oBike withdraws from Melbourne
oBike’s Melbourne adventure is over, less than a year after it began.
The dockless bikeshare company has withdrawn from the Victorian capital and its distinctive yellow bikes are currently being taken off the streets. The news was confirmed today by Melbourne’s Lord Mayor Sally Capp.
“I’ve been briefed this morning that oBikes [sic] have decided to withdraw from our market here in Melbourne and we are working very closely with them to remove oBikes from the city streets,” she said, speaking outside Melbourne Town Hall. “We recommend … that all people should stop using oBikes from this point forward.”
Lord Mayor Capp said she hasn’t heard why the beleaguered Singapore-based company is leaving Melbourne, but today’s news does comes a fortnight after Victoria’s Environmental Protection Agency (EPA) announced strict fines for oBikes stored inappropriately — a hefty $3,000 per bike.
The EPA development was seemingly the final straw for a company that has been under fire since it first arrived in Melbourne in July 2017. Public response to the scheme has been overwhelming negative since the start, and a great many bikes have been vandalised, damaged, or creatively disposed of in that time. Lord Mayor Capp pointed to such behaviour as a contributor to the scheme’s demise.
“I think the behaviour of individuals has demonstrated that they don’t respect or appreciate either the oBikes or the impact that their behaviour has on our broader community,” she said. “And as we know there are some serious incidents of individuals misusing bicycles.”
It’s not clear exactly how long the clean-up will take, but oBikes are already being collected. Indeed, the footpaths of Melbourne’s CBD, once replete with yellow bikes, are now noticeably oBike-free.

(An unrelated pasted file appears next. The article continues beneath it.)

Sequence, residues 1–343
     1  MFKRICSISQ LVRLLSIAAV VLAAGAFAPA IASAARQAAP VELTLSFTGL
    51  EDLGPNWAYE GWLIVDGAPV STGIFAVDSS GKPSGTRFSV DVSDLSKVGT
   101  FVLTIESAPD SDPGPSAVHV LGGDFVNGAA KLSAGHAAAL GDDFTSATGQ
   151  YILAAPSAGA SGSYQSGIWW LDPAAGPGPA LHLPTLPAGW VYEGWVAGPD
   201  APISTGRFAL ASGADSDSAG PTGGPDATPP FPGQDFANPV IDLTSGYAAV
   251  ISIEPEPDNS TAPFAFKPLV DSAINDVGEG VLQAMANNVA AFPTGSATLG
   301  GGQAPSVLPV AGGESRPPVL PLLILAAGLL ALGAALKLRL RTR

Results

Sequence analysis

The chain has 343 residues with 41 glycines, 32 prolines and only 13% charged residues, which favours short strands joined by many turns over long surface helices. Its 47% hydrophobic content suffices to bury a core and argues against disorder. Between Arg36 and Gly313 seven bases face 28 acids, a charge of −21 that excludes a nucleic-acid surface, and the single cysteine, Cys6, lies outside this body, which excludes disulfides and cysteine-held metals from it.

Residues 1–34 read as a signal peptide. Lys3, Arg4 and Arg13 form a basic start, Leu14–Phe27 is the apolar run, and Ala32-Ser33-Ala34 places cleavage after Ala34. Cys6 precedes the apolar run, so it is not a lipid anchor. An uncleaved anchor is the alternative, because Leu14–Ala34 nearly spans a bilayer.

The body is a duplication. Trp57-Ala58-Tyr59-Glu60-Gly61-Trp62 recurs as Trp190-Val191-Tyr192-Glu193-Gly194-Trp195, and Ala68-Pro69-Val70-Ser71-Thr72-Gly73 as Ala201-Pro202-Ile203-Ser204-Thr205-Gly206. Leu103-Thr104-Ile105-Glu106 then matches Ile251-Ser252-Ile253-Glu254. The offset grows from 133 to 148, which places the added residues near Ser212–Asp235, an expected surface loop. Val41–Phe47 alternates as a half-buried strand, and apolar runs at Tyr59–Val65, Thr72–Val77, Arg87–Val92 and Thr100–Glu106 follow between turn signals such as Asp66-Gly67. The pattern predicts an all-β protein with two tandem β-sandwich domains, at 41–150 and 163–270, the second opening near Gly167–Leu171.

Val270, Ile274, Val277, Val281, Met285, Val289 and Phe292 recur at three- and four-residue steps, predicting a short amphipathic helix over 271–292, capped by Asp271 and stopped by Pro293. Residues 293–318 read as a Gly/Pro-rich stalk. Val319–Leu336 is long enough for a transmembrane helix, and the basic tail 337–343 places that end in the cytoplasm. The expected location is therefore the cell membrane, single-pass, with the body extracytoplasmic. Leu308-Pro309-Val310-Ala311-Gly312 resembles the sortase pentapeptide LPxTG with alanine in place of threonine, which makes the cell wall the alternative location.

“We’re working with oBikes to collect the bikes,” Lord Mayor Capp told CyclingTips. “The difficulty is that people are still using the bikes so that’s why I said at the outset we’re recommending that people stop using those bikes. We’ve also recommended to oBikes that they disabled the bikes and then we’ll be able to continue collecting them in an orderly fashion.
“They’re being delivered to our impounding facilities so that we’ve got the ones that we’ve collected all in one spot and then we’re working with oBikes as to how they want to then collect and move them on.”
But even as oBike packs up and leaves Melbourne, other operators are gearing up to try their luck. If others do indeed come to Melbourne, they’ll arrive to a much stricter environment than oBike did. They’ll need to sign a memorandum of understanding with the City of Melbourne, and they’ll have the EPA keeping a close eye on them from the very start.
“We’ve learnt a lot from the experience with oBikes and I think a couple of things are important,” the Lord Mayor said. “One is that ultimately the regulation of what happens on our streets sits with the state government but as a city we’ve been very proactive in organising MOUs with oBikes and future operators to make sure that we can be confident that the way in which they’re operating is consistent with the outcomes that we feel are necessary for a safe community and a safe environment for cyclists.”
Will other dockless bikeshare operators be able to survive where oBike failed? Ultimately, Lord Mayor Capp says, it comes down to the people of Melbourne.
“I put it back on the community of Melbourne really to say that if we want to have these sorts of operators within our city then we need to have behaviours that respect the way in which we use them,” she said. “But ultimately regulating people’s behaviour is a really really difficult thing and an observation back to the people of Melbourne.”